Read More...
  • FilmProd

    Pocco Roberts

    Digital Photography , 2014

    "Without [gaining educational experience] in camera settings, understanding light, networking, the use of Photoshop/Lightroom, and how to run a photography business, I would never have been able to live my dream of being an artist."

    Read More
    Pocco Roberts
    Owner and Lead Photographer at PSR Images

    Pocco Roberts is the owner and lead photographer at PSR Images in Turner, Maine. He says that a typical day involves setting up photo shoots, working on current photos, and selling artwork through my website. He’s also a United States Army veteran who earned the rank of Sergeant.

    Pocco says that he enjoys a career where he’s able to create. And he recommends that current students be patient during classwork that may appear to be repetitive. ”I remember taking several classes that seemed to have little to do with the genre of photography that I was interested in. However, if you give it your very best, you will walk away with something that makes your photography better.”

    He is often challenged in his work and says that patience, determination, and asking for help when it’s needed has helped him to overcome obstacles. “Be smart, research, learn, and move to a new location if you must. But if your dream is to be an artist, and it is your passion, then nothing will get in your way.” He’s always striving to evolve and believes that “if your art is the best it can be, then it is time for a new career.”

    Pocco enjoys challenging himself and uses his art to take on social issues. He also marks the passage of time through visual statements. “Remember, art doesn't need approval, it just needs inspiration.” Today, he experiences the benefits of his hard would through networking and making new friends, a steady paycheck, and a positive reputation among his friends.

    Pocco, who in 2014 earned a Bachelor of Science in Photography from The Art Institute of Pittsburgh—Online Division, says that his education taught him proper camera settings, lighting techniques, networking, use of Photoshop/Lightroom, and how to run a photography business. [Without that foundation], I would never have been able to live my dream of being an artist.”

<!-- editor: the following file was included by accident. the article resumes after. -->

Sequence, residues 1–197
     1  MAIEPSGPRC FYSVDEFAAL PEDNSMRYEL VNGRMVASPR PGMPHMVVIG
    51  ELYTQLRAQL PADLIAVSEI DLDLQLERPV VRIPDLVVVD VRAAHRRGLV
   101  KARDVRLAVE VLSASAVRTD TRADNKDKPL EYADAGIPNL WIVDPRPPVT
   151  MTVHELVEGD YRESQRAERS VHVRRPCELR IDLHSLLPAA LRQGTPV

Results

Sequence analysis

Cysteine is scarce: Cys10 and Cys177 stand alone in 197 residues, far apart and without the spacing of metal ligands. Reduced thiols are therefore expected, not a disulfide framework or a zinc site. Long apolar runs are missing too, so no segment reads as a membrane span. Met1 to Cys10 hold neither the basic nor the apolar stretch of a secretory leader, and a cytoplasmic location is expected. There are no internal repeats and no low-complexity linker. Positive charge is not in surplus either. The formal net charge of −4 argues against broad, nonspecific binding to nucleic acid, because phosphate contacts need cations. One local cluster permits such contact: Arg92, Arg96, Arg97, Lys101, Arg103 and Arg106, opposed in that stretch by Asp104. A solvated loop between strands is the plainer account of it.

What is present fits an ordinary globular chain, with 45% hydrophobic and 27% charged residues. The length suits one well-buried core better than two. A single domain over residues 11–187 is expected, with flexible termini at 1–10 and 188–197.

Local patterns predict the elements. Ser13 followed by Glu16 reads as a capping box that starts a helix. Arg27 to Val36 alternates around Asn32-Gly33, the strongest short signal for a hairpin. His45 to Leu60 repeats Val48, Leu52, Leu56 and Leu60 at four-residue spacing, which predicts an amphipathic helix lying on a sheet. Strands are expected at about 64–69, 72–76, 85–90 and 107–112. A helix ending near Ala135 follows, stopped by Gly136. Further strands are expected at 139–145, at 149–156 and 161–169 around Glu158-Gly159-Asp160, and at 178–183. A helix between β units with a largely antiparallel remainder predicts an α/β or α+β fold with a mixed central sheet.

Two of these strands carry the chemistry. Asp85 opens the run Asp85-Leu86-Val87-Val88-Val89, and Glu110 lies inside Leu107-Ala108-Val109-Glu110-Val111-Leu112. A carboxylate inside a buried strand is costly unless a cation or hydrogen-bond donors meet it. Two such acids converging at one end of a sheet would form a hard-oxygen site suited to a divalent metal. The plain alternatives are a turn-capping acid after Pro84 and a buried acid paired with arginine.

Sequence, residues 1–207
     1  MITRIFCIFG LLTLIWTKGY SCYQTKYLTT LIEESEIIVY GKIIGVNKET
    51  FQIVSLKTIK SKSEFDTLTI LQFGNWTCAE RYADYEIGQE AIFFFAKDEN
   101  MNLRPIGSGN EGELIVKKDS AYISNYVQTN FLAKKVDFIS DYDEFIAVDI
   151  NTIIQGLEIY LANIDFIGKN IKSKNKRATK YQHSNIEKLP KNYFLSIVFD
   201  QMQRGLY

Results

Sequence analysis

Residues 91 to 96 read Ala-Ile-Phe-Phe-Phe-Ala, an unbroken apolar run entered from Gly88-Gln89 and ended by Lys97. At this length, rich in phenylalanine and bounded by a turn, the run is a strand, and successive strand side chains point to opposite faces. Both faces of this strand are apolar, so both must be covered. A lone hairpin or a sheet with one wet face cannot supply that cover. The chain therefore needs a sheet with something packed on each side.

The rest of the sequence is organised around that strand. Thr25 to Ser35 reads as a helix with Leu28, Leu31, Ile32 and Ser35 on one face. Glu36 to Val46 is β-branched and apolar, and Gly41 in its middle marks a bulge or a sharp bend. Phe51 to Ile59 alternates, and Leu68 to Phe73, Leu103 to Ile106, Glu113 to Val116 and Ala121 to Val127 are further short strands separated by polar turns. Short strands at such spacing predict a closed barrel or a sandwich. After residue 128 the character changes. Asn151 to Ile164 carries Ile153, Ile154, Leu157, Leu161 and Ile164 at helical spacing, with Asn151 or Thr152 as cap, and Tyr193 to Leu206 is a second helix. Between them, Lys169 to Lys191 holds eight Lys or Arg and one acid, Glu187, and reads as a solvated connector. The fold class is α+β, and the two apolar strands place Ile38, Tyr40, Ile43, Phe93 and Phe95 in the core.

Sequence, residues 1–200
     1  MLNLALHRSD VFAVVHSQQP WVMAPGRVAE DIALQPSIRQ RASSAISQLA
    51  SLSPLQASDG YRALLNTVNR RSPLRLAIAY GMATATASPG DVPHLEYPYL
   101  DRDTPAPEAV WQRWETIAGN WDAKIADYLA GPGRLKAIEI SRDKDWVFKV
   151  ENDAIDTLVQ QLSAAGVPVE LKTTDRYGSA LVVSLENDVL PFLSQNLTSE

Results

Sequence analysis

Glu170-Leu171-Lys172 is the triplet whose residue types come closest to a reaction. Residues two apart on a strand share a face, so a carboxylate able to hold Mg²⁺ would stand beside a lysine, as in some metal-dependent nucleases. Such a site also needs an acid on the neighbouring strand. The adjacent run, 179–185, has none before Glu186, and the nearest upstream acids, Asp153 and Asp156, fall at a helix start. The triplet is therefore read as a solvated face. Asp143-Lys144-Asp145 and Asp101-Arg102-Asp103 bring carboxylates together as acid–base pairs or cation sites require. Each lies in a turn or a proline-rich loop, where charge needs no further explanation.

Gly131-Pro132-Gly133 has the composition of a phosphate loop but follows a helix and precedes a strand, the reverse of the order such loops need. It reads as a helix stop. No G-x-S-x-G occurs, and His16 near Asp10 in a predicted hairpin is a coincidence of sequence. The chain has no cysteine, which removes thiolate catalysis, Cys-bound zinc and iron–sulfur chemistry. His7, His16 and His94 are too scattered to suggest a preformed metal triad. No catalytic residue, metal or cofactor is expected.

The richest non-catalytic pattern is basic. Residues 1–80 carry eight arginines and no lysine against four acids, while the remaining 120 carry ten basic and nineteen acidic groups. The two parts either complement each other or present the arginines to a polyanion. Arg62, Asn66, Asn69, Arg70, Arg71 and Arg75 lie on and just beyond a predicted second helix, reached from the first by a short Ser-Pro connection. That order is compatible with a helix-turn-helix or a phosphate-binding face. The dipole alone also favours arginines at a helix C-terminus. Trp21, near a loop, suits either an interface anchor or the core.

See aiprograms.info for program duration, tuition, fees and other costs, median debt, salary data, alumni success, and other important info.

    Read More...

What Will I Study?

Study Section

I have the imagination. I need the tools.

In this competitive industry, companies are looking for creative people who are passionate about the craft of taking a game from concept to market-ready. The courses for Game Art & Design will help you prepare to do just that, as you study:

  • Digital Imaging
  • Life Drawing
  • Drawing & Anatomy
  • 2D Animation
  • Digital Storytelling
  • Character and Object Design
  • 3D Modeling
  • Game Art & Design
  • Texture Mapping
  • 3D Animation
  • Material & Lighting
  • Game Modeling
  • Game Production Pipeline
  • Designing Interior Spaces and Worlds


I'm looking for my proving ground

At The Art Institute of Pittsburgh – Online Division, creativity is our core, our calling, our culture. Our online Game Art & Design degree programs are built on that creative foundation. They’re also built on our knowledge that a creative career is not for the faint of heart. Because it’s tough out there, it’s tough in here. But we temper the tough with the support you need to make your creativity marketable. We provide the mentoring and real-world experience you need to prevail, with faculty* who’ve worked in the field and internship possibilities at successful businesses. Here, you’ll be encouraged and expected to be bold. To take risks. To push yourself and the people around you. So if your heart is telling you that you belong in a creative field, you belong here. It’s the hardest thing you’ll ever love.